Any business with many moving parts has a myriad of programmes, processes and priorities to manage.
In our view, the key to managing many moving parts is to align your culture and stakeholder behaviour to what your organisation is trying to achieve. You should aim to create the right parameters for employees, suppliers and supply chain to support your objectives, and for your internal and external customers to provide valuable feedback. You should also continually focus on getting, providing and evidencing value for money – to prevent costs spiralling up.
Culture and behaviour
The starting point is to ensure the culture and behaviour of your in-house estates team and supply chain align with, and display the values of your organisation. Any disconnect between what the brand represents, and the behaviour of estates staff will be obvious, and create a dissonance that may adversely impact customers and staff.
For instance, inappropriate interaction from a security guard or cleaner can create a negative first impression and skew a customer or stakeholder’s perspective of the business’s overall performance. The potential cost impact of such a situation can far outweigh the investment needed in training to ensure this does not happen in the first place.
We suggest you work with staff to explain and demonstrate the positive impact they can have for the business, and give them the tools and skills to support this. This will help build an estates team and supply chain that has the objectives, strategy, brand and service culture of your business at its heart.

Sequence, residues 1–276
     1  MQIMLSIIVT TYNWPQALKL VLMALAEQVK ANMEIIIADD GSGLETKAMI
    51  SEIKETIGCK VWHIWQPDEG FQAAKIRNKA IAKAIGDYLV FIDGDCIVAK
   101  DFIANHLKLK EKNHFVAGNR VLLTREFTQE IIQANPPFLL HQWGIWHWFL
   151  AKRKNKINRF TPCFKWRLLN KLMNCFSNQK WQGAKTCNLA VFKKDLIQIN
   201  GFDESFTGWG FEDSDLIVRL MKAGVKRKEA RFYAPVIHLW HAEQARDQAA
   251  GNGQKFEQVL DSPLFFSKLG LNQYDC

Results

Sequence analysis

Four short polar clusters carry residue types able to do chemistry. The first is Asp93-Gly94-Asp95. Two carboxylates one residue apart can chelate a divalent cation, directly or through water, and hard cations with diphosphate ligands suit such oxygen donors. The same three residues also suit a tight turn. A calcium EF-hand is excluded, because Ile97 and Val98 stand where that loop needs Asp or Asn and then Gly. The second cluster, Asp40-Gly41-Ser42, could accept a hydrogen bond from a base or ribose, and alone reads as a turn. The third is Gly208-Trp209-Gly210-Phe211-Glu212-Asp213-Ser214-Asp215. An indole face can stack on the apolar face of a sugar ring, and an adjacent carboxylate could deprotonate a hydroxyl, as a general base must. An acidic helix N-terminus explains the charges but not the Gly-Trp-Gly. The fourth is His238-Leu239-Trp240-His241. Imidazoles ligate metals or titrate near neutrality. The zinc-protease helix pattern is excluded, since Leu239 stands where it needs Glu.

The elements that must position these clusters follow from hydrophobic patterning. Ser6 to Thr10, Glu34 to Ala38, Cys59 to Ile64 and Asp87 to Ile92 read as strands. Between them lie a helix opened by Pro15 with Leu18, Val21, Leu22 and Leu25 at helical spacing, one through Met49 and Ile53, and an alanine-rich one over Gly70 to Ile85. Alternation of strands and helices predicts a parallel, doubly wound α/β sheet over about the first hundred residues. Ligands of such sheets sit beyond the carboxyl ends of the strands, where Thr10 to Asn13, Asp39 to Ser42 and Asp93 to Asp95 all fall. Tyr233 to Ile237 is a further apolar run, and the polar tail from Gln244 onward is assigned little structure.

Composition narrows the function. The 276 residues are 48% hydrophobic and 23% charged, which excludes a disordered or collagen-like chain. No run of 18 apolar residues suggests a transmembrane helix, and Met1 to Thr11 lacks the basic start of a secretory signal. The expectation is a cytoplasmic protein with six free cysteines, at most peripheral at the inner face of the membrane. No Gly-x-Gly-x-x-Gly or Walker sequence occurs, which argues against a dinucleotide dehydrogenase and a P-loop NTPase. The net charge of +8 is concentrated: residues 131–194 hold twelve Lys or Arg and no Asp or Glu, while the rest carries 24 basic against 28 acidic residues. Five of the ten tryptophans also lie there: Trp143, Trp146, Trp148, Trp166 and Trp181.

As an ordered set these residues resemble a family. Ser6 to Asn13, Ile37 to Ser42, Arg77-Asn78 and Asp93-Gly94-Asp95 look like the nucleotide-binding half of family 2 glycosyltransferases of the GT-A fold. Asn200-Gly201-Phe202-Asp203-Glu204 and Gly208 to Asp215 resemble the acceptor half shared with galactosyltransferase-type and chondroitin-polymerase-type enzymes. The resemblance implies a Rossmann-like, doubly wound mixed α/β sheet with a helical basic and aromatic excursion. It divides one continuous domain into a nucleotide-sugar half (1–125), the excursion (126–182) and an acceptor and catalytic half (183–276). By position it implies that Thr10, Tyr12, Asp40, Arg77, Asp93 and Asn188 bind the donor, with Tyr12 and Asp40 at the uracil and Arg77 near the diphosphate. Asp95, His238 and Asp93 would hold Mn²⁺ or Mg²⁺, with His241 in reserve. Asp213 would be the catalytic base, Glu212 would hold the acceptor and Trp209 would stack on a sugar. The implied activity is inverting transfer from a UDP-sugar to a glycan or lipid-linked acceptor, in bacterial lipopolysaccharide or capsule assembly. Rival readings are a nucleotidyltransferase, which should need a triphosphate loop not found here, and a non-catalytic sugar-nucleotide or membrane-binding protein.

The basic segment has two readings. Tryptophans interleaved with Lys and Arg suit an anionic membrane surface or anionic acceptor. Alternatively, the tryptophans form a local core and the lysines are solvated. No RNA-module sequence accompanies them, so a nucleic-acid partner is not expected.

Value for money
You should also review value for money. It’s worth regularly comparing the efficiency of both your in-house and supply chain partners, to the efficiency of the rest of the market. We advise you do this ideally at least every three years, to ensure you’re receiving value for money.
Questions to consider
Here are some questions for you to consider that may help manage complex functions with many stakeholders and moving parts:
- Have you invested sufficient time in communicating the business’s mission and value to internal staff and your supply chain?
- Do your service level agreements or performance metrics for all facilities staff include clear ways of working and interacting with other stakeholders?
- Are your non-facilities stakeholders encouraged to care for facilities? Are they prompted to act on simple energy saving steps? Do they know how to report maintenance issues?
- Do you keep a simple matrix of each stakeholder group, its potential concerns, how to address these concerns and how to measure your success?
- Does this cover every level from boardroom to contract workers, customers, suppliers and visitors?
- Do you benchmark the value for money you’re getting from in-house resource and supply chain partners every one to three years?